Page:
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The Number of Vaccinated Rhode Islanders Continues to Climb: A summary of the governor’s COVID-19 briefing

Vaccinations continue to climb in the state, but we can’t seem to shake slowly rising COVID-19 case numbers. State leaders at the weekly press briefing today announced 428 new cases of the virus since the previous day. Percent positivity remains hovering around 1.9%. While case numbers have broadly plateaued, hospitalizations and fatalities are shrinking. There are 138 people hospitalized with the virus, 30 in ICU, 24 on ventilators. 

“Fatalities are down 94% compared to their peak in December,” said Dr. Alexander-Scott, further stating she remains unfazed by the consistently stable case numbers as long as percent positivity of all tests remains as low as it is. The RIDOH director credited case numbers staying the same day-to-day with Rhode Island’s small, densely populated area, noting many new cases come from younger Rhode Islanders who haven’t been eligible for the vaccine yet.

On Monday state leaders are widening the vaccine pool to anyone over the age of 16, a group the state estimates to be around 258,000. The state administered 79,000 doses last week of all vaccines, and is on track to administer 68,000 this week. Interested Rhode Islanders on Monday have the option of signing up for a vaccine through the state’s online pre-registration system.

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The Janssen vaccine or Johnson and Johnson vaccine was put on pause across the nation earlier this week as federal health officials examine the risk from rare blood disorders causing blood clots. Dr. Alexander-Scott emphasized that the vaccine is safe for everyone, nationwide less than one in a million people are at risk. The pause was to educate healthcare providers on the signs of the rare blood clotting disorder, who to look out for, and what the necessary treatment is. Meanwhile the state will put its doses of Johnson and Johnson into refrigerated storage where it will have a shelf life of three months. State health officials expect the pause to be lifted well before then.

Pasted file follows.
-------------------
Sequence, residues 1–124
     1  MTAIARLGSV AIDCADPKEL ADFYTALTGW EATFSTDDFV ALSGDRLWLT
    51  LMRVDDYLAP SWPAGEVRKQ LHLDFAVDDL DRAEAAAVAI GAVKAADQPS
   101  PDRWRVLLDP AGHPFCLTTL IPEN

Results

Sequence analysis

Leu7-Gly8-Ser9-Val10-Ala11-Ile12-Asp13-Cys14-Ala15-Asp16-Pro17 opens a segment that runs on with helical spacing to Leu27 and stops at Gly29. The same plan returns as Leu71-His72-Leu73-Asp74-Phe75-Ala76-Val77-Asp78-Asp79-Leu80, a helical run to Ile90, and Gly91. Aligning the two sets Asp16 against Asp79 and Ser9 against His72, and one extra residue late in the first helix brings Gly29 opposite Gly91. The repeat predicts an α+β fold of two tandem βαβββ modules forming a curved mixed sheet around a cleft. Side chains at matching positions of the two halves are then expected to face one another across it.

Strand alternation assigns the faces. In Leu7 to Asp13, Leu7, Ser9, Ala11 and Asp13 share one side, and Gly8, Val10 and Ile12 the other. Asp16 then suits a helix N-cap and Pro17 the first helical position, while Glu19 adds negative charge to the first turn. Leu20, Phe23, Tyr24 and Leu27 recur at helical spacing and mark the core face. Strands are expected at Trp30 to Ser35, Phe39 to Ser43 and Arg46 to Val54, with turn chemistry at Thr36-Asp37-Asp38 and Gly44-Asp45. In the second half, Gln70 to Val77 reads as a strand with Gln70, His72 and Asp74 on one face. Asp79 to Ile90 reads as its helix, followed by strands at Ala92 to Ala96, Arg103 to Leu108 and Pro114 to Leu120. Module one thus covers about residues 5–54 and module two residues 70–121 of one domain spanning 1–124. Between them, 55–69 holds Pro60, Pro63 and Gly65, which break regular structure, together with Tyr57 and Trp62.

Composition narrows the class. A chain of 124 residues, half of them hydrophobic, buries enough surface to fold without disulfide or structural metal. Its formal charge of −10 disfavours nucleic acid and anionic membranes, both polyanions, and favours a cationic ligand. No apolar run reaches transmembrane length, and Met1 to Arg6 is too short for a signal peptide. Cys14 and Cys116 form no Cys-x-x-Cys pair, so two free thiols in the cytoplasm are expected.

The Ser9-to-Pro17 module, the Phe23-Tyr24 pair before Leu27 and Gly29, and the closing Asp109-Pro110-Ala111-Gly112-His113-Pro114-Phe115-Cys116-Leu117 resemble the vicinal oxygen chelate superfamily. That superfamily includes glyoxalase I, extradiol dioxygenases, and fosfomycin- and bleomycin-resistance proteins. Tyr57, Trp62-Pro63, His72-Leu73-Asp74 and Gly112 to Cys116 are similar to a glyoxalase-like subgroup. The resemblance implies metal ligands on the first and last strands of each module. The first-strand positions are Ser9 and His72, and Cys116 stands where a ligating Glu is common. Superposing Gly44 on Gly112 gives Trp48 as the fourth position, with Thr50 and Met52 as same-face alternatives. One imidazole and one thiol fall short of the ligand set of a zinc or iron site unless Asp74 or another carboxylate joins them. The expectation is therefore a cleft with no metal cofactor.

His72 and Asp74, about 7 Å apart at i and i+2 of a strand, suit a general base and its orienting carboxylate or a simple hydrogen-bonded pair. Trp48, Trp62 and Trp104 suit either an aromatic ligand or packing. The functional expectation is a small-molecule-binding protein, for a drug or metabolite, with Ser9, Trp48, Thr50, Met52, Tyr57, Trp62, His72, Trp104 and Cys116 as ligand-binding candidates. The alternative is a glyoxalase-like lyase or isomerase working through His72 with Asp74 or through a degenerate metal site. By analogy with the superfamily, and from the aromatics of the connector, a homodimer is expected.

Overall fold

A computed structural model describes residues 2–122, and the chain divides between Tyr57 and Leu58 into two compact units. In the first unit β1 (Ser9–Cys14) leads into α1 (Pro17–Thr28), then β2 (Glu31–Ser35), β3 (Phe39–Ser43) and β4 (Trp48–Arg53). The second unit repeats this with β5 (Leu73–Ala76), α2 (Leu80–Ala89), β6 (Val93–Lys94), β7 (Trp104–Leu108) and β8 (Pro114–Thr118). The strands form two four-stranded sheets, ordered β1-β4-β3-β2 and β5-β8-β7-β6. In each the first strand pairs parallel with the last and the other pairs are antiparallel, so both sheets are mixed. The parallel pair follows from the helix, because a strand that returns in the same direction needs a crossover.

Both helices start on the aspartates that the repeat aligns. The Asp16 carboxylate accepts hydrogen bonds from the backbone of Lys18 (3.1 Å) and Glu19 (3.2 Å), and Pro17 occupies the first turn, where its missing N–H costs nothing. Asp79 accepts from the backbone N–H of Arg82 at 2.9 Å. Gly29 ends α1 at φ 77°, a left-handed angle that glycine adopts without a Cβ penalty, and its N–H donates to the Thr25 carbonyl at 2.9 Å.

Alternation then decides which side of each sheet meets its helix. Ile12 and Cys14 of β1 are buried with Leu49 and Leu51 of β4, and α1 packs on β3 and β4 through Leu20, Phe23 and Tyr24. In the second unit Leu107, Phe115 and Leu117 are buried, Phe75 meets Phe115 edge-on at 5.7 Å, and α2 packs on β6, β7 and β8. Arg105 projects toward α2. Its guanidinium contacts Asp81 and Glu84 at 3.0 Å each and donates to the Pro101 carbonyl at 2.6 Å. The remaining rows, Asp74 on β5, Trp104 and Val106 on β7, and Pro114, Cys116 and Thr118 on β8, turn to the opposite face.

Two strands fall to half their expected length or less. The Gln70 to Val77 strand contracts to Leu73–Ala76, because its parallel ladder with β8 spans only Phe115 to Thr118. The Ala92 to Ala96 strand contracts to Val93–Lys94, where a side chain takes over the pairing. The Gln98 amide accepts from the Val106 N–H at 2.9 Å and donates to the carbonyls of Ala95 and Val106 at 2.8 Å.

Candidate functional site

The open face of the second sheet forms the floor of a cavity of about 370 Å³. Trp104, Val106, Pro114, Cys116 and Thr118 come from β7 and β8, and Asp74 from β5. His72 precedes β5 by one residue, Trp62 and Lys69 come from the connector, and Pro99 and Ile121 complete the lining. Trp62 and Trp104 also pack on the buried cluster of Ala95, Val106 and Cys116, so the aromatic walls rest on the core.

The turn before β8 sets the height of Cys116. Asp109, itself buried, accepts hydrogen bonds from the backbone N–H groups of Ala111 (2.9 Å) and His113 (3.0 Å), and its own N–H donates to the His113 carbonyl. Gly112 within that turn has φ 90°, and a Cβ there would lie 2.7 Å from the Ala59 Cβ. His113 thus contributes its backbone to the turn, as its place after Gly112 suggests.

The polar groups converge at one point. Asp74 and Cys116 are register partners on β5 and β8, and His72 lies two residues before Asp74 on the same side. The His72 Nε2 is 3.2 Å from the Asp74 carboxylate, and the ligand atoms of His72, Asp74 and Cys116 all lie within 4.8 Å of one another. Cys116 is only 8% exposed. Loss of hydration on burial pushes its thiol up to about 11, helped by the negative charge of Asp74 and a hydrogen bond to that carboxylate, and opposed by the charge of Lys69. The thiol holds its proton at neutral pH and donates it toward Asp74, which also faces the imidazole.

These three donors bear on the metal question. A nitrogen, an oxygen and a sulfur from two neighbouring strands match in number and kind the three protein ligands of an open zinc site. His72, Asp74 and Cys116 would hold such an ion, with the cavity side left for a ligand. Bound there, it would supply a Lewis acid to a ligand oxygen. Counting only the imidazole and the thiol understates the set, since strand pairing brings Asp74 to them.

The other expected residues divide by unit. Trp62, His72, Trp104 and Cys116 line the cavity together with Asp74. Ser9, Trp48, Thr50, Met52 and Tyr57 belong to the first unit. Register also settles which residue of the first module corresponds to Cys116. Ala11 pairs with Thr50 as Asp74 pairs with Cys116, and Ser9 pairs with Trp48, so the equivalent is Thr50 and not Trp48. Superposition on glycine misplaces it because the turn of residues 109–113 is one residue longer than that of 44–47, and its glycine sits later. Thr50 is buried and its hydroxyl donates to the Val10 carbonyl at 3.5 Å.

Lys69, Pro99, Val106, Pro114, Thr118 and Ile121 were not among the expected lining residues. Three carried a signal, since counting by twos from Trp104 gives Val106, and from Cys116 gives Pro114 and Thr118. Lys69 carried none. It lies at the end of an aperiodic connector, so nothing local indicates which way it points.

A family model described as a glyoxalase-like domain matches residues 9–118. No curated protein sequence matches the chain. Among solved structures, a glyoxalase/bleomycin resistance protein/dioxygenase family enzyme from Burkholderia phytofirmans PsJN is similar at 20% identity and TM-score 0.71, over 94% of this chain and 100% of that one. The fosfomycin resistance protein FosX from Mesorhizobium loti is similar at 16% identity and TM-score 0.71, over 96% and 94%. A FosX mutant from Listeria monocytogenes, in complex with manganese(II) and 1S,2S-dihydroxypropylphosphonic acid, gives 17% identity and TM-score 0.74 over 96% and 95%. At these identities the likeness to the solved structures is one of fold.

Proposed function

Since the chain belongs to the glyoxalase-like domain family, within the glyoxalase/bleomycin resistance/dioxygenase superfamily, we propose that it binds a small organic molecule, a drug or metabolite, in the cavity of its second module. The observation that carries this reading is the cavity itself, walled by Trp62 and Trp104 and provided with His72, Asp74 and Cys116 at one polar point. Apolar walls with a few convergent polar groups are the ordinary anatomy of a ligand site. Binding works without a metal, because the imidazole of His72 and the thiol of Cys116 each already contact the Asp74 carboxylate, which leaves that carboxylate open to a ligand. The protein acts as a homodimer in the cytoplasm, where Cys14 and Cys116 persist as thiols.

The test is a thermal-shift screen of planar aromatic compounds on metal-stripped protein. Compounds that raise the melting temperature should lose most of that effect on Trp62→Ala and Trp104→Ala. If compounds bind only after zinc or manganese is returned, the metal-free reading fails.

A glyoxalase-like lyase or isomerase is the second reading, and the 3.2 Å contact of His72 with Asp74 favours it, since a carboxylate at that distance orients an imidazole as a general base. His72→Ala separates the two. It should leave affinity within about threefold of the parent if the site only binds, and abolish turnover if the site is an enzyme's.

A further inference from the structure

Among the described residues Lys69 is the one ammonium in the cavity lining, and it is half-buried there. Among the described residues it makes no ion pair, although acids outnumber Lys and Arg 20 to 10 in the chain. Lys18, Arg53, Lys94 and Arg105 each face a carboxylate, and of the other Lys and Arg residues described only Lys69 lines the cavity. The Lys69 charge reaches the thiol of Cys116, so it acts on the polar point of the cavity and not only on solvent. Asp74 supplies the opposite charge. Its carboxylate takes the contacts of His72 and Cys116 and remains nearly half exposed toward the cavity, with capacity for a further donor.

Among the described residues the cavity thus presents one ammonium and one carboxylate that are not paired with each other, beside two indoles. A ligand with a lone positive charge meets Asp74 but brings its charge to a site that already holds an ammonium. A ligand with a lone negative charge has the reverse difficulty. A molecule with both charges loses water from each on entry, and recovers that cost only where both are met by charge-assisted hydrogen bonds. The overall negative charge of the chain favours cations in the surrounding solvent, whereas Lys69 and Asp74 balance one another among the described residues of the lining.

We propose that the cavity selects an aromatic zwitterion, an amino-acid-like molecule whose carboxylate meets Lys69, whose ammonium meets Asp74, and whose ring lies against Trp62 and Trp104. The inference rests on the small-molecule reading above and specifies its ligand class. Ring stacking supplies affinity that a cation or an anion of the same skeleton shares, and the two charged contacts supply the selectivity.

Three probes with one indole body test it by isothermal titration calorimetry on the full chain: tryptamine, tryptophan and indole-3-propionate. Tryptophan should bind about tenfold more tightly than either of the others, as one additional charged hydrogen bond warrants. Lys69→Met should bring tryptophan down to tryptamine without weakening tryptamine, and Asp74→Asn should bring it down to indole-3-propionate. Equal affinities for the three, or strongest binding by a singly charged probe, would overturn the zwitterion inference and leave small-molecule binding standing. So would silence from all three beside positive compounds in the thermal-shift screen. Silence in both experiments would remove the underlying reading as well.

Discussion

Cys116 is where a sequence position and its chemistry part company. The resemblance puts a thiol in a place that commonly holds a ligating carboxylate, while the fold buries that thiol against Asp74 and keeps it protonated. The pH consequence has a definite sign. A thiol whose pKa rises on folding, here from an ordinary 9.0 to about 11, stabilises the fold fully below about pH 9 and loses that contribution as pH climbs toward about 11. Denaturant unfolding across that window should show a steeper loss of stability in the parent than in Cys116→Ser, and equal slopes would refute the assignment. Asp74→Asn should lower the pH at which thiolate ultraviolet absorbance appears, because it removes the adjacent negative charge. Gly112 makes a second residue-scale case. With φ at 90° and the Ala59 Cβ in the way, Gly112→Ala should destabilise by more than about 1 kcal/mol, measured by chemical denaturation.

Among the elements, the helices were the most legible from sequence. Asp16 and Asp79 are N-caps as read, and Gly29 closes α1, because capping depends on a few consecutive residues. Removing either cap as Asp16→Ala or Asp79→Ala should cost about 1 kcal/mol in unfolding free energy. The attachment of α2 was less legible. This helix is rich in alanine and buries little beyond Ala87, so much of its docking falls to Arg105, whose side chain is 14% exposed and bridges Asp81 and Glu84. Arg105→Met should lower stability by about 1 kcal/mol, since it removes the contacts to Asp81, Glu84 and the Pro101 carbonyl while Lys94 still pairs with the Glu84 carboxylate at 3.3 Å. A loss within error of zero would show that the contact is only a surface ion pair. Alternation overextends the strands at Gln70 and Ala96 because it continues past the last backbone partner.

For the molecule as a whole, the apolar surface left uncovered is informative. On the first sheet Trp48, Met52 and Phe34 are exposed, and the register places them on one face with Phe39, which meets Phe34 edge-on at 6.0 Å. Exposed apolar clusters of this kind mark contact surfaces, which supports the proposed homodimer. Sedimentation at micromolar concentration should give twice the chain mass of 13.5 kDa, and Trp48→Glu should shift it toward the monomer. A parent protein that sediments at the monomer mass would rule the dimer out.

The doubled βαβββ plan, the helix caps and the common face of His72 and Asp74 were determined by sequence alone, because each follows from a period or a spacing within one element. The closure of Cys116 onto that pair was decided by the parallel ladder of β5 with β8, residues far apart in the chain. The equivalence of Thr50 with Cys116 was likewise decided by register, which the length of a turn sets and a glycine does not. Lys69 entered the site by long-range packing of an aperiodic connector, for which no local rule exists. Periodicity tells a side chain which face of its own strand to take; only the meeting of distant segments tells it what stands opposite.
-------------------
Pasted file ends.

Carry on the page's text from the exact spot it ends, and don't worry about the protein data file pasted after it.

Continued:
No-shows at state vaccine appointments are slowly rising, according to Tom McCarthy, the state’s executive director of COVID response. Crediting the rise in vaccine availability, no-shows to state appointments have risen from 10% to 13%. McCarthy encouraged people to cancel their appointments if they need to for any reason.

Gov. McKee announced a new vaccine equity initiative. With some federal funding, starting on Monday, RIPTA will provide free bus rides to people going to or from their vaccine appointments. Many of the pharmacy and state vaccine sites are on already existing bus routes. Passengers should first make a vaccine appointment and provide that information to RIPTA’s customer service representatives by email (customerservice@RIPTA.com) or by calling 401-781-9400. An eight dollar value will be loaded onto the a Wave smart fare card “This is a big win for Rhode Island vaccine efforts,” said McKee.

Today also marked the launch at 3pm of the state’s latest round of COVID relief grants. Commerce Secretary Stefan Pryor announced the Relief RI grants earlier this week. State leaders set aside $20 million from CARES Act money to award $5,000 grants to 4,000 businesses. To qualify, a business’s gross receipts must be less than a million dollars a year, and they must show a decline in receipts from 2019 to 2020. Additionally, they must still show a need for a $5,000 grant, and show that other forms of aid such as EIDL loans.

McKee encouraged people to make Mother’s Day reservations at restaurants today, as he expects the state’s economic opening to continue as vaccinations continue to rise. Additionally, McKee said today under questioning that he expects the RI Convention Center to be dismantled for COVID operations soon. The RFP for it went out next week, and the Center should be ready for hosting events again starting in August.

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